• With the Doklam crisis and the necessity of mobilising the Siliguri-based Corps, along with other priority resources from many other sectors to make up existing deficiencies and optimise the Corps’ capability, the Army expended almost its entire allocation of the transportation budget.


  • In January, it had no money to even hire vehicles. The revenue budget amounts to a little over 80%, leaving little for capital expenditure through which modernisation is to be executed. Drawdown of a manpower-intensive Army that consumes the revenue cannot be done overnight. Thus, even as this drawdown is seriously executed, we cannot allow modernisation to languish.


  • Without higher allocation, the armed forces may be unable to reach even the first level of transformation they seek. Management of expenditure also needs a complete revamp. Amid the focus on prevention of potential corruption, the larger picture of timely and optimum capability development has been ignored.




  • The opponents argue that the West’s “alarm” over emerging Chinese and Russian systems is pure drama for the sake of getting bigger budgets. The reality is that the U.S. with over 325 million people and a per capita GDP of more than $57,000, and Europe with over 510 million people and a per capita GDP of $436,000, are a bigger pool of scientifically trained talent at much higher levels of human value addition than China and Russia combined. They also produce far superior technology. While the manufacturing age required strong centralised governments, the information age requires heavy decentralisation and personal freedoms.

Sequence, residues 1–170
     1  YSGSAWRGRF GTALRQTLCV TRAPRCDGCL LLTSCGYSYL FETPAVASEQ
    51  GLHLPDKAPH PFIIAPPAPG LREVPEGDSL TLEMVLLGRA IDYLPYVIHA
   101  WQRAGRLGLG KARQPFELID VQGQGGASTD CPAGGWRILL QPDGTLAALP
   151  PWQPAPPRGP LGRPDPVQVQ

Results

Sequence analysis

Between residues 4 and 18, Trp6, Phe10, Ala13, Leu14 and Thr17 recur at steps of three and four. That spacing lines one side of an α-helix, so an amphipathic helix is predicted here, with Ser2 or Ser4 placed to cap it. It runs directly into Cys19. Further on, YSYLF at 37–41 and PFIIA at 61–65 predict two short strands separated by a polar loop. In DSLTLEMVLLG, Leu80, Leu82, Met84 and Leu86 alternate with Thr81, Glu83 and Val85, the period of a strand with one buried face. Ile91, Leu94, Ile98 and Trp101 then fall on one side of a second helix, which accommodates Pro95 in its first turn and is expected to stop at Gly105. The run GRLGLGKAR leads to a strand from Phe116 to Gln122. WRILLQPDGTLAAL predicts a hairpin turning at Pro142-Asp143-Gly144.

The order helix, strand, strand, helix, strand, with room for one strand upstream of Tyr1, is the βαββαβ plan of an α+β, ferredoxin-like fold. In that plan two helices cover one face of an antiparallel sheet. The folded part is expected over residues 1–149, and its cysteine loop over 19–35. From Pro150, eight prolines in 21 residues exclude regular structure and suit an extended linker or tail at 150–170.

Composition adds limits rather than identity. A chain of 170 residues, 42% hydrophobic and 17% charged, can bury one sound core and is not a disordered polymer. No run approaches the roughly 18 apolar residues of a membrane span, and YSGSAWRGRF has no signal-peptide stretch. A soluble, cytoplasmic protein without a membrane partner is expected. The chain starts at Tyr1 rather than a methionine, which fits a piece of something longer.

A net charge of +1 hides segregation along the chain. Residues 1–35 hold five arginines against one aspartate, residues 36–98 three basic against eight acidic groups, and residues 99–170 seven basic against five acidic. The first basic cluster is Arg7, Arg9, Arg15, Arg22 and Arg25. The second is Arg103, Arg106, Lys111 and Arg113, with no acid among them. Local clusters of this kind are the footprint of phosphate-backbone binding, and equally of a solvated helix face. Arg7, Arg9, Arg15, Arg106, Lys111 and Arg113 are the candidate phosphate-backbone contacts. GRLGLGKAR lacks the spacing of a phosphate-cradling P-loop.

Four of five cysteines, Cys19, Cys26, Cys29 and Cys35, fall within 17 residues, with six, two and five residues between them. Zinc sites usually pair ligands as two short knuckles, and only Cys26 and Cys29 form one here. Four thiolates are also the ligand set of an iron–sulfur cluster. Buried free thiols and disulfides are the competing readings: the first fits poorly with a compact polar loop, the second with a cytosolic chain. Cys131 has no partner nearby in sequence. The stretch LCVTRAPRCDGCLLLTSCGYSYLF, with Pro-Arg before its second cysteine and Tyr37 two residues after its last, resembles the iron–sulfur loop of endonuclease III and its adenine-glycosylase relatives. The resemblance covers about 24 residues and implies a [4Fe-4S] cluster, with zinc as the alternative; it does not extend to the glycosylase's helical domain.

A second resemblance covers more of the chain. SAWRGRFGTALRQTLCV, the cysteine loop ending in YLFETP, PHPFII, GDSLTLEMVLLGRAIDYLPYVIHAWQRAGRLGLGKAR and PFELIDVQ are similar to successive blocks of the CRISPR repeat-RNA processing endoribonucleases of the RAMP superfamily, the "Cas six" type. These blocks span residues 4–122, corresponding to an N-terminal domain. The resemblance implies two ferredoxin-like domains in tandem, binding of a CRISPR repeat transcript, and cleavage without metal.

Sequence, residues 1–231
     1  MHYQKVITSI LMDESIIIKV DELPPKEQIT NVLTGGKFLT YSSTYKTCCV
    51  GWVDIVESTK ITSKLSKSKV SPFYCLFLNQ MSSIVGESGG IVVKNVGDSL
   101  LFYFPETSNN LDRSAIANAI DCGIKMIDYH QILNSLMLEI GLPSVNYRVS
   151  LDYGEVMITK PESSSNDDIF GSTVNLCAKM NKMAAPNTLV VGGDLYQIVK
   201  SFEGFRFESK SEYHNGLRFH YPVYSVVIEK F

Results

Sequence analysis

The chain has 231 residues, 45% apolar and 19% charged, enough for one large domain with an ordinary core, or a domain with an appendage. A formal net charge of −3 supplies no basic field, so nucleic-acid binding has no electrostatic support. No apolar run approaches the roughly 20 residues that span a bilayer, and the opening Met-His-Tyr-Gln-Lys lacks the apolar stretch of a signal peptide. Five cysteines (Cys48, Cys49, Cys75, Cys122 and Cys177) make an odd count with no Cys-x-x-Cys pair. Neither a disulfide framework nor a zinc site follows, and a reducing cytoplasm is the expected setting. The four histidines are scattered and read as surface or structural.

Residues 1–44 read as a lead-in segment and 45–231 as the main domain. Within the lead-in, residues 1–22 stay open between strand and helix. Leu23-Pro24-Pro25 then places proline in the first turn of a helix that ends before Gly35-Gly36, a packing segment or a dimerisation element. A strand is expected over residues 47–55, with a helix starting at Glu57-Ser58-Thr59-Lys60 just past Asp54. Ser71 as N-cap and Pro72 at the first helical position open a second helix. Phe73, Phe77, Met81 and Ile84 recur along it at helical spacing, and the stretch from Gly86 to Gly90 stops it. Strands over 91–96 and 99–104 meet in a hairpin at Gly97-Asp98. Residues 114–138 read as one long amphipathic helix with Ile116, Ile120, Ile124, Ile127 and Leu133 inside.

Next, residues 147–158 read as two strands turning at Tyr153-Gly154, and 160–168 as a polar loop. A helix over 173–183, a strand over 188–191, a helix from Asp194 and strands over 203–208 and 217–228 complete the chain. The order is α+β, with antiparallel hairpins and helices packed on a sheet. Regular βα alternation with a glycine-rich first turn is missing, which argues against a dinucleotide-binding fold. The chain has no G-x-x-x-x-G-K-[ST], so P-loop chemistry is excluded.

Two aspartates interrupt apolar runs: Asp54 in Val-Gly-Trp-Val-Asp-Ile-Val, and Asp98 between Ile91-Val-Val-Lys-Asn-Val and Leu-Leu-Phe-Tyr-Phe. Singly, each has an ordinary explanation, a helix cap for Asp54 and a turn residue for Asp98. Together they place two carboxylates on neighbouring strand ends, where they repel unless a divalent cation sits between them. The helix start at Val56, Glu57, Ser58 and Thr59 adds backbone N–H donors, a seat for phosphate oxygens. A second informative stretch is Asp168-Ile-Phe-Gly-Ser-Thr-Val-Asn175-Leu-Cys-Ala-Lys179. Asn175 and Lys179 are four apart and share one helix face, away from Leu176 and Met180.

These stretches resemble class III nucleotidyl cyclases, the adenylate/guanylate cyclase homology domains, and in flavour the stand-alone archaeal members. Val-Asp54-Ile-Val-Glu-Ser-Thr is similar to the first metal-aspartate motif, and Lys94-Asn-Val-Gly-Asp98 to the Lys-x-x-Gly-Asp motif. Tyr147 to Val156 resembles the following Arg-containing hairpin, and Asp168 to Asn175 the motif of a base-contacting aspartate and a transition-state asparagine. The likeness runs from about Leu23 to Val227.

• India still procures based on outdated pre-information age, kinetic paradigms, which mean that it will always attempt to emphasise quantity over quality and fail miserably on both counts. In short, it is not obsolete equipment that is the problem, it is a fossilised mindset.


  • India’s mix-and-match procurement was smart when it was a poor, disliked and heavily sanctioned country. In the information age, though, this strategy is a disaster, imposing heavy logistical and training duplication/wastage, while vastly reducing the efficiency of equipment.


  • India needs to invest more heavily in fewer soldiers not in moving-talking target practice dummies. If India rationalises its suppliers, thinking and human resources, it can achieve a lot more in the resources provided. However, a budget reduction will be an important first step into jolting the military out of its sense of entitlement and intellectual laziness.